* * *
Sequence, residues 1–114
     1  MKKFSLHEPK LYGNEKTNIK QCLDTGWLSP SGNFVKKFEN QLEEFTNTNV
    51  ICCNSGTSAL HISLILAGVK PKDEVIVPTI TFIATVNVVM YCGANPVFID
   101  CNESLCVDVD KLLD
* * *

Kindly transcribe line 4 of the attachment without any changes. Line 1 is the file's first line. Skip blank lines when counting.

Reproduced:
   101  CNESLCVDVD KLLD